On behalf of the Wandsworth Branch of Living Streets we wish to make the following comments on the proposed submission of Local Plan Documents for the Borough of Wandsworth. It is understood that the rationale for the review is to ensure that Local Plans accord with the policies and guidance given in the :
- National Planning Policy Framework (NPPF, 2012), and
- London Plan (Greater London Assembly, 2012)
Our concern is that revisions to the Local Plans do not pay sufficient attention to the above documents with regard to the promotion of sustainable forms of urban transport, in particular walking and cycling. Although the documents that comprise the Local Plan do mention sustainable transport we find that there is scant action towards this objective and that the policy guidance specified below have largely been ignored.
Paragraph 35 of the National Planning Policy Framework.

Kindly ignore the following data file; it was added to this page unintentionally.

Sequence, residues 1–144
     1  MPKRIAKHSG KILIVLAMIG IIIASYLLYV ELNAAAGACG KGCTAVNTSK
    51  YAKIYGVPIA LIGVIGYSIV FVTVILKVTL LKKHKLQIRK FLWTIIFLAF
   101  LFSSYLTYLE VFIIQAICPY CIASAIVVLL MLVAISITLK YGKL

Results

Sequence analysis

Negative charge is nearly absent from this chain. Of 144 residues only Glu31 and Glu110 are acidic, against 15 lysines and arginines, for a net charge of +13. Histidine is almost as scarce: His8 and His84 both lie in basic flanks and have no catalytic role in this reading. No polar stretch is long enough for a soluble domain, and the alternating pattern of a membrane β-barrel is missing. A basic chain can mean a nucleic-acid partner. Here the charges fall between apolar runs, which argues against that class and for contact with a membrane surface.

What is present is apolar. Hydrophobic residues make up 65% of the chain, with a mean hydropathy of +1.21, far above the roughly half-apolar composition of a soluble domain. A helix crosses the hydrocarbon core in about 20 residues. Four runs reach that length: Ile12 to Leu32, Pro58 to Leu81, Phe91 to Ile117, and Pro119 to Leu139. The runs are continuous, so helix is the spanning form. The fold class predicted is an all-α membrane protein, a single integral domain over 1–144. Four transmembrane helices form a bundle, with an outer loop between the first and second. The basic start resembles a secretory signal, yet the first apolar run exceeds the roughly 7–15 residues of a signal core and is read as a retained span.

“ Plans should protect and exploit opportunities for the use of sustainable transport modes for the movement of goods or people. Therefore developments should be located and designed where practical to :-
- give priority to pedestrian and cycle movement and have access to high quality public transport facilities,
- create safe and secure layouts which minimise conflicts between traffic and cyclist or pedestrians, avoiding street clutter and where appropriate establishing homes zones”,
Policy 6.1 (Strategic Approach) of the London Plan seeks to encourage closer integration of transport and development by :-
- seeking to improve the capacity and accessibility of public transport, walking and cycling, particularly in areas of greatest demand,
- supporting measures that encourage shifts to more sustainable modes and appropriate demand management,
- promoting greater use of low carbon technology so that carbon dioxide and other contributors to global warming are reduced, and
- promoting walking by ensuring an improved urban realm
Although walking and cycling are briefly mentioned in the Local Plan documents there are no specific measures to comply with policy directives 6.9 and 6.10 of the London Plan, namely :-